Cloud watching: The hybrid cloud trend (Part 1)
The rise of the cloud has spurred a drastic change in the way companies do business. Cloud computing has made significant strides since its launch in the late 1960s, but the technology has yet to reach its full potential. To stay ahead of the curve, organizations will be pressured to position their business to take advantage of new cloud innovations, such as the hybrid cloud, as they become available.
The International Data Corporation (IDC) predicts that the global public IT cloud services revenue will reach $141.2B by 2019. The appeal of zero capital expenditure and the advancements in cloud security and deployment are paving the way for hosted solutions to become a standard among businesses across the globe. The sections below cover what a hybrid cloud entails and how it will shape the future of the IT industry.
What is the cloud?
In the past, the cloud was considered to be an all-or-nothing switch, which deterred a number of businesses from implementing the technology. A portion of this reluctance can be attributed to a lack of understanding as to what the cloud actually is. Essentially, the cloud is a network of servers that either provide an online service, or enable users to access data via remote means. Both of these capabilities are accessible from anywhere with an Internet connection.
Examples of the cloud
Adobe Creative Cloud is on example of an online service delivered via cloud computing. In the past, Adobe products were purchased in a boxed set, but now customers pay a monthly subscription fee for each service.
Dropbox and Instagram are examples of platforms that allow users to store and access data using the cloud. A photo may be stored on a user’s smartphone or device, but when it’s posted to Instagram, the file is uploaded to the cloud. Essentially, any time an individual stores information or receives a service without using their device’s internal data, they are using the cloud.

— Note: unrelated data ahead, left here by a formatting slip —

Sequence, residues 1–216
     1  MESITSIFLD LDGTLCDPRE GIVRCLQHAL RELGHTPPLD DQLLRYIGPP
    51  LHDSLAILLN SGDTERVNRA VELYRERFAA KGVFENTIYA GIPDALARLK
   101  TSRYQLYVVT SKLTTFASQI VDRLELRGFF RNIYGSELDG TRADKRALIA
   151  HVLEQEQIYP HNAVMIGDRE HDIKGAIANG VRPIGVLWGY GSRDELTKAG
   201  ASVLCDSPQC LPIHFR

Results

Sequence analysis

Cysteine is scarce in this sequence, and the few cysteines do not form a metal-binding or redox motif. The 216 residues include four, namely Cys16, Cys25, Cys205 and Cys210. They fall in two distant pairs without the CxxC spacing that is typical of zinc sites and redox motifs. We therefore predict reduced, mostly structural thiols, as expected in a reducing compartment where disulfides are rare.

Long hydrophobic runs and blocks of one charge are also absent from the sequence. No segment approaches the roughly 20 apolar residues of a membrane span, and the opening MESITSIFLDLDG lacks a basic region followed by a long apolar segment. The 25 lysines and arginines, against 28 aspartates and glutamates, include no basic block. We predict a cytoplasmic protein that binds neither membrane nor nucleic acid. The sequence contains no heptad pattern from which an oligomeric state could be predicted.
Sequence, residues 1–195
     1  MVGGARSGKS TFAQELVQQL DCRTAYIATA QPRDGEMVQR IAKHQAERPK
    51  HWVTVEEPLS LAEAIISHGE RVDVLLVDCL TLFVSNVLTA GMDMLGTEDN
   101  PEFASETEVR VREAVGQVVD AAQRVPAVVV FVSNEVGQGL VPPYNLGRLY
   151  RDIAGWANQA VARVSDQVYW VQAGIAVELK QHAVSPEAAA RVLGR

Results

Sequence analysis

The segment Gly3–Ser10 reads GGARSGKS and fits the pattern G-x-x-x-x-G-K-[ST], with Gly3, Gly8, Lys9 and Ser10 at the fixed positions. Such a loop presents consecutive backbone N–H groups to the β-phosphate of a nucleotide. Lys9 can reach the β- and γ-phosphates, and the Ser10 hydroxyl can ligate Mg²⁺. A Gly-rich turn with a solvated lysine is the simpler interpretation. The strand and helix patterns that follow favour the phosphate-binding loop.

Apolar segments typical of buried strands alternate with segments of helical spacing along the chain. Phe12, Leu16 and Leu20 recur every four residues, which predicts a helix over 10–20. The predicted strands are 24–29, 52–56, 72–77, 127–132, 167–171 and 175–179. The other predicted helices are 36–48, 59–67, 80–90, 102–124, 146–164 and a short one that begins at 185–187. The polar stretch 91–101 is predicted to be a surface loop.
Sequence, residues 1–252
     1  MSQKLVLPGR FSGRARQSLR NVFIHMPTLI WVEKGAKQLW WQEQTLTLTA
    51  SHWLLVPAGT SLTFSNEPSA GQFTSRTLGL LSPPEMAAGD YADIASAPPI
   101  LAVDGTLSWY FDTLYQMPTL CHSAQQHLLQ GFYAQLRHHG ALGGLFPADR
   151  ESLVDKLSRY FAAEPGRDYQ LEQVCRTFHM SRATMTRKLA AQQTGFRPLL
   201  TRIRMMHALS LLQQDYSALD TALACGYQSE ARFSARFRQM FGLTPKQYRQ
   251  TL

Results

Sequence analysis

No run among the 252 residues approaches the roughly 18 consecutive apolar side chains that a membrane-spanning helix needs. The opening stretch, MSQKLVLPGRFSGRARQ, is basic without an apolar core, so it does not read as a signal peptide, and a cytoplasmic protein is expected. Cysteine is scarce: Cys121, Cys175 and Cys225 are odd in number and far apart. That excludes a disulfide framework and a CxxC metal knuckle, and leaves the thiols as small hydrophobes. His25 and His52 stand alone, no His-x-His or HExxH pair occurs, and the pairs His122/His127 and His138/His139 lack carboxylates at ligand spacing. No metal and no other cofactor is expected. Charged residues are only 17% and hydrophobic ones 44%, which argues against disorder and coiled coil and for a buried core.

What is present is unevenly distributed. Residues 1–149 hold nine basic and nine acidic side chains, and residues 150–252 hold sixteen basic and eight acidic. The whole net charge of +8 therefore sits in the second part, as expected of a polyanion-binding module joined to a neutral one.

What is a hybrid cloud solution?
As an increasing number of companies began experimenting with the simultaneous use of private and public clouds, hybrid cloud solutions gained traction in the IT marketplace. Hybrid cloud computing environments involve the use of both on premise, private cloud solutions and third-party, public cloud services.
A public cloud is a hosted solution that can be used by many organizations and is generally located off premise. Microsoft Office 365 and Google Cloud Platform are both examples of an externally hosted, public cloud solution.
A private cloud is generally located on-premises and its use is restricted to one organization. Because private clouds are usually located on-site, they are sometimes confused with client-servers (also located on-premises of the business using the hardware). However, it’s important to remember that the primary difference between storing data on a server owned by the company and hosting data on a private cloud is where the data is stored.
When a business hosts its information on a server it owns, the organization is responsible for data storage, hardware updates and management, and any other technical maintenance required. A private cloud shifts the responsibility of data storage and technology maintenance to the cloud solution provider. While this switch offers several benefits to a company, it does require that the organization to store its data on equipment it does not own.
Boost in hybrid cloud demands
Hybrid cloud solutions allow businesses to accommodate compliance and security regulations specific to their industry, maintain legacy systems critical to their business, and integrate cloud offerings into their IT environment. For example, a law firm may be responsible for data which the client specifies must not exist in a public cloud. The firm may resort to storing that data on a private cloud located onsite, while storing the rest of its data in a public cloud.
A hybrid assortment of cloud solutions is accompanied by the challenge of connecting these various computing methods to facilitate an uninterrupted flow of information and processes within the organization. A company’s managed IT services provider or internal IT department should focus on centralizing security and its management while simultaneously maintaining the speed and User Interface (UI) preferences provided by today’s application developers.
The demand for IT professionals capable of managing these complex IT environments is growing and offerings customized to suit hybrid IT environments will become a norm in the industry as IT professionals prioritize hybrid strategies in their service delivery. In addition to catering to a mixed cloud environment, IT providers will structure their offerings to align with the most popular hybrid cloud solutions on the market, dictating the future of users and vendors alike.
Aldridge offers both private and public cloud solutions to suit the needs of our clients. Our team will work with your company to construct a cloud computing solution that will help you reach your business goals. Contact a firm representative today to learn more about the cloud and what it can do for your organization.